Nurturing the Health and Wellness of Our Community
Relationships are at the core of Nightingale’s Health and Wellness program. A skills-based curriculum around social and emotional well-being incorporates students’ lives both inside and outside the schoolhouse. Each grade has its own health class. From Kindergarten, when students discuss trusted adults in the Schoolhouse, to Middle School, where students navigate identity in early adolescence, all the way through authentic discussions on real-life health scenarios for teens in the Upper School, skill development focuses is on four main areas: decision-making, communication, values clarification, and media literacy.
Caring for Both Body and Mind
In the Lower School, the focus is on mind and body and laying the foundation for a discussion on health and wellness throughout their Nightingale years.
Students learn the basics of mindfulness, good hygiene, and nutrition. They role-play to practice identifying and sharing feelings, establishing healthy boundaries, and seeking help from trusted adults. Students talk about healthy friendships, explore influences on decisions, and discuss healthy self-esteem. Throughout the Lower School, human sexuality is taught in a developmentally appropriate way, and the changes of puberty are part of the Class IV health curriculum.
Creating Healthy Relationships at a Critical Time
Middle School students practice good decision-making skills as they navigate the transition into adolescence learn to establish healthy communication in their relationships.
Students take a personal safety course to help them reinforce healthy boundaries. Health class in Middle School provides space for students to explore identity and establish personal values. In a safe setting, students practice decision-making around social media use, sleep hygiene, substance use, and sexuality as well as around friendships and partner relationships.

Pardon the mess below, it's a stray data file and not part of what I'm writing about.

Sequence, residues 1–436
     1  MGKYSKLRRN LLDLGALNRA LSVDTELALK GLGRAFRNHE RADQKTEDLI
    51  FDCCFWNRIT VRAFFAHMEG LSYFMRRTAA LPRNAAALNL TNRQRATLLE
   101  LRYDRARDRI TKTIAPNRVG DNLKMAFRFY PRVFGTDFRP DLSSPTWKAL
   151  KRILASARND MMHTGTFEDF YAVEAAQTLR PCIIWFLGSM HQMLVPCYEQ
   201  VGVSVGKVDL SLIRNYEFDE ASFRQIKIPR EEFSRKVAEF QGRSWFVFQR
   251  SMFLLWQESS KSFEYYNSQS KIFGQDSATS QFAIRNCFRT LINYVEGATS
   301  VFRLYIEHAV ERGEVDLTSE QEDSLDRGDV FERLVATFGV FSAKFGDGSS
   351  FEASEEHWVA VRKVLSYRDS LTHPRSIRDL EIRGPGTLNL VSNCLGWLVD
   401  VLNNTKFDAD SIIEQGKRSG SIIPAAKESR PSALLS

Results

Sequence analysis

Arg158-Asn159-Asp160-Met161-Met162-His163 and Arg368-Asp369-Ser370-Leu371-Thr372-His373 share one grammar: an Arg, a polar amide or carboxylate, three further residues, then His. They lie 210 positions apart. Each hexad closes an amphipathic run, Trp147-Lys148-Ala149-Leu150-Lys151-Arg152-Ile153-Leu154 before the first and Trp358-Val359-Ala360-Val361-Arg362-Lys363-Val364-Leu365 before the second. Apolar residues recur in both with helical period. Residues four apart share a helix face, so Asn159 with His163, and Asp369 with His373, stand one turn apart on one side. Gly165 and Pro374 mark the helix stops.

Taking Control of Their Physical, Emotional, and Social Selves
In the Upper School, there is a health and wellness committee on the student council and a Wellness Day where students opt into workshops like mindfulness or yoga, and take part in interactive sessions on adolescent health issues including sleep, sexuality, mental health, and consumer health. In health class, students discuss adolescent health including gender and sexuality, nutrition, mental health, sleep hygiene, and harm reduction around substance use. Personal safety classes are continued, and consent in relationships and an examination of intimate partner violence are discussed. Students gain ownership of their own health, physical and mental, allowing them to take control of their own well-being as they leave Nightingale.
Toward a Deeper Understanding of Student Mental Health
Nightingale partnered with the Child Mind Institute (CMI) to proactively increase our community’s awareness of mental health issues and support the overall well-being of our students. CMI educated faculty and staff, as well as parents, about mental health concerns and best practices for caretakers in a series of seven presentations over the 2019-20 academic year. At the end of the year, a common language around mental health was established, including identifying certain behaviors associated with mental health concerns and providing strategies for seeking treatment if needed.
A Healthy Approach to the World
Nightingale’s goal for its health and wellness program, which begins in Kindergarten and continues with required courses through senior year, is to empower our students with health knowledge and skills giving them the ability to confidently manage their well-being throughout their development. At its core, the program emphasizes relationships—with self, parents and guardians, with friends, teachers, and partners—and helps students make healthy decisions around those significant relationships throughout their lives.